The UK’s Committee on Climate Change, established to advise the British government on emissions targets and to report to Parliament on the progress being made towards achieving those targets, has just published its first annual report: Meeting Carbon Budgets – the need for a step change. It warns that the current rate of emissions reductions, running at about 1% per year, needs to be increased to 2% and perhaps 3% if the UK is to hit its relatively ambitious 34% emissions cut by 2020. Here’s how the Guardianreports it:
A green and pleasant land, with millions of electric cars powered from wind turbines and travelling between super-cosy homes and offices: that is the vision for Britain in 2020 set out today by the government’s climate watchdog.
That cleaner, greener country, playing its full part in averting disastrous global warming, is both possible and affordable, says the Climate Change Committee â€“ but only if the government acts immediately to implement radical policies on energy efficiency and low carbon technologies, as well as dealing with the threat of the recession to carbon trading schemes.
The Times is more concerned with the suggestion that motoring taxes could be increased, but Richard Black at the BBC provides a good overview.
The report is well worth a read, not because the policy suggestions are directly relevant to NZ’s position (though encouraging household energy efficiency, electric vehicles and boosting renewables should be part of what we do), but because the Committee itself is a policy body that New Zealand sorely needs. Instead of arguing in parliamentary committee rooms about the existence of warming, this body takes the best scientific advice and applies it to determine credible policy objectives. That’s one reason why Britain’s current targets are amongst the most aggressive in the developed world. But the committee does much more: it reports on the progress being made, and establishes a “reporting to budget” process that would be familiar to anyone who has managed anything other than the smallest of businesses. And as this first report shows, if it looks like the budget forecasts are going to be missed, they are not afraid to recommend policy initiatives.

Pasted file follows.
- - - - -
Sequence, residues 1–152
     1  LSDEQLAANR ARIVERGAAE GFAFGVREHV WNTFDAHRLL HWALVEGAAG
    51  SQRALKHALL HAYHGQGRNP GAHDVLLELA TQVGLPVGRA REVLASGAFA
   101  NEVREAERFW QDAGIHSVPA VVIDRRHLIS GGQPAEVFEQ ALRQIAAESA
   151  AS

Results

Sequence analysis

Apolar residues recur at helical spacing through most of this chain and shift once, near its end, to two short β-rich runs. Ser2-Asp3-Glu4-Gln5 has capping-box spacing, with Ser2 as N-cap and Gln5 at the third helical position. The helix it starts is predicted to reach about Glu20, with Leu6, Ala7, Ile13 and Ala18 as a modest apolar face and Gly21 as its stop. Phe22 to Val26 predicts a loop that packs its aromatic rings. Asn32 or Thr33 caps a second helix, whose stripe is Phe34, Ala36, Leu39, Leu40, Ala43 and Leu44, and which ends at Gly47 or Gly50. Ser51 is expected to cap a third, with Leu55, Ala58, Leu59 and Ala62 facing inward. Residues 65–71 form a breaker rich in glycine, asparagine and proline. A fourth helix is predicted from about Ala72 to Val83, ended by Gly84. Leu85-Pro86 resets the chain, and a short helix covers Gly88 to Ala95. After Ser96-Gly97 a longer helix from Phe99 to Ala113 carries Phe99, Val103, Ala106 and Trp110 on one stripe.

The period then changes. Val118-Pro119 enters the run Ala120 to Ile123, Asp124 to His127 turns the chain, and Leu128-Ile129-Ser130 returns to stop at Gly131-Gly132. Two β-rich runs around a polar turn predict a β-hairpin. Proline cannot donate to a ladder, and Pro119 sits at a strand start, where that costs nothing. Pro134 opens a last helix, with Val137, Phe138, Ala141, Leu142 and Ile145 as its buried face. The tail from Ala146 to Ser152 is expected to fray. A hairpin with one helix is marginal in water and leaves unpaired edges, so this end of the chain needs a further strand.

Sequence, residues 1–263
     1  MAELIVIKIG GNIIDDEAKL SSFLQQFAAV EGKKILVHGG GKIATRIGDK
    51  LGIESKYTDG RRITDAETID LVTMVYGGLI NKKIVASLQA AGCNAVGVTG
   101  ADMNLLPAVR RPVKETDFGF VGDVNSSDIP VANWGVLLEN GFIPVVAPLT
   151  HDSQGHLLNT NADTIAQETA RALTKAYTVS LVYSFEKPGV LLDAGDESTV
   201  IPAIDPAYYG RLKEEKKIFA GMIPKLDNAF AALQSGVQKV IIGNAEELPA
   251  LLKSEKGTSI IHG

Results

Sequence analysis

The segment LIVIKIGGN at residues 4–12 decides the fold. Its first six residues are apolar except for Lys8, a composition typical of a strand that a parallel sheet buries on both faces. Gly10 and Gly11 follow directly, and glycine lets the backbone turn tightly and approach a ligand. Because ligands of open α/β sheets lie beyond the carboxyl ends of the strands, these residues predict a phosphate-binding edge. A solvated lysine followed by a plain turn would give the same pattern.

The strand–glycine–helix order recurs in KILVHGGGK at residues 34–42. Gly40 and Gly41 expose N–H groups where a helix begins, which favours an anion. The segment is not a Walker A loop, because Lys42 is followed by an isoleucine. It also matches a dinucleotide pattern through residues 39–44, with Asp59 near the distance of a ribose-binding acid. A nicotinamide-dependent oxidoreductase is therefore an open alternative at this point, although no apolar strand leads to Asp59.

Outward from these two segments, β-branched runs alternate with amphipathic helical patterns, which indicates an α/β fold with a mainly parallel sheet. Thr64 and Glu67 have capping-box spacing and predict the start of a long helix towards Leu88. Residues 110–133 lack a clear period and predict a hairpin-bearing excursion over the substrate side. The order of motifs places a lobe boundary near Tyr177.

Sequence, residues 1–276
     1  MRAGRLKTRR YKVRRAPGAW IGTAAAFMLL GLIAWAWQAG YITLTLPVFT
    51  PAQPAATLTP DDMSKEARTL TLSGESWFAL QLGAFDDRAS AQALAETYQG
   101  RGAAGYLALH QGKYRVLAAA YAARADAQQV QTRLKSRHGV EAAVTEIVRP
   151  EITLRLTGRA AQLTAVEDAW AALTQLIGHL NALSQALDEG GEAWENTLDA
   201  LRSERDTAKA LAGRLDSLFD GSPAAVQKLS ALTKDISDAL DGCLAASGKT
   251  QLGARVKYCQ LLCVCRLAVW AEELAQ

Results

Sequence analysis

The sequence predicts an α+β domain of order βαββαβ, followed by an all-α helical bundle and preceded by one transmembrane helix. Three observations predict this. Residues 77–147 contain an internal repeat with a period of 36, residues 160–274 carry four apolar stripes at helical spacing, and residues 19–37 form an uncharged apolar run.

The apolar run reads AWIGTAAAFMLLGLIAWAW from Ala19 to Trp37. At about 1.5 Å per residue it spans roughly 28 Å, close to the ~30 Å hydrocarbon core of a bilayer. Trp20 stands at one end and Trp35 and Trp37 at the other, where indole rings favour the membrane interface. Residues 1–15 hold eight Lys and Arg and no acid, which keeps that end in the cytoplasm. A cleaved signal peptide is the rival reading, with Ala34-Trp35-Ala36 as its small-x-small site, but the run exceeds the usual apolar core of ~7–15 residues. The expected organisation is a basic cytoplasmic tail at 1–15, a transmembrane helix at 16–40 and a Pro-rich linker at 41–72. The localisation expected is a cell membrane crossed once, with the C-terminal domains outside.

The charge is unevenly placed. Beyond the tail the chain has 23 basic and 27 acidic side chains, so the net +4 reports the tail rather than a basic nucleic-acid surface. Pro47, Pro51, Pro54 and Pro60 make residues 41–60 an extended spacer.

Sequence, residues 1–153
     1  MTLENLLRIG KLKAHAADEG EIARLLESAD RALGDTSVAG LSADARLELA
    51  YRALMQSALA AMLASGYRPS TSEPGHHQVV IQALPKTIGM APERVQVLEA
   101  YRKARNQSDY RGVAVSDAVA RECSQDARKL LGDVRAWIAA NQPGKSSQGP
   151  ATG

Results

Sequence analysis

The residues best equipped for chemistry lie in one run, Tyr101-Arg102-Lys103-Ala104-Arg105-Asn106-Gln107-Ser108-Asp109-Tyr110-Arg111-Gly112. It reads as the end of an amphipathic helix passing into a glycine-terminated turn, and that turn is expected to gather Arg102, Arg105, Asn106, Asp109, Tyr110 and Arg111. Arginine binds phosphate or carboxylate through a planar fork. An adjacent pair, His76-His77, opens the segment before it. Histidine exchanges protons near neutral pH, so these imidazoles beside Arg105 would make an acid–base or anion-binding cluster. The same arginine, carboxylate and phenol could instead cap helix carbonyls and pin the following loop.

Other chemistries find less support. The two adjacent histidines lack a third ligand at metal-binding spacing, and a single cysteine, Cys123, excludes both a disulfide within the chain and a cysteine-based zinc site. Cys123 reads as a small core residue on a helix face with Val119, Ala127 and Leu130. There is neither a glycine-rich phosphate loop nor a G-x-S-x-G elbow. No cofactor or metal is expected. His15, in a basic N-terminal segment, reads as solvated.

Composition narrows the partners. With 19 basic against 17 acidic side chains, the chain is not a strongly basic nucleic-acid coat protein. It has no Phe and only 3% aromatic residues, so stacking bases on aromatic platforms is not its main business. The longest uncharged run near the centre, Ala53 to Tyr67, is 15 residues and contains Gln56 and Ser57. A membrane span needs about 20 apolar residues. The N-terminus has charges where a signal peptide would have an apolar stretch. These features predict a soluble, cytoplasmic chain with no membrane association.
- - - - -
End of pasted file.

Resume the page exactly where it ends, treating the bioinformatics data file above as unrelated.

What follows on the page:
To me, that looks like a rational way to approach the issue. What a pity that instead NZ has leaders who are unwilling to lead, no effective mechanism for emissions reductions, and a government in thrall to big emitters. Climate policy needs to be made on the basis of rational analysis, not National’s paralysis.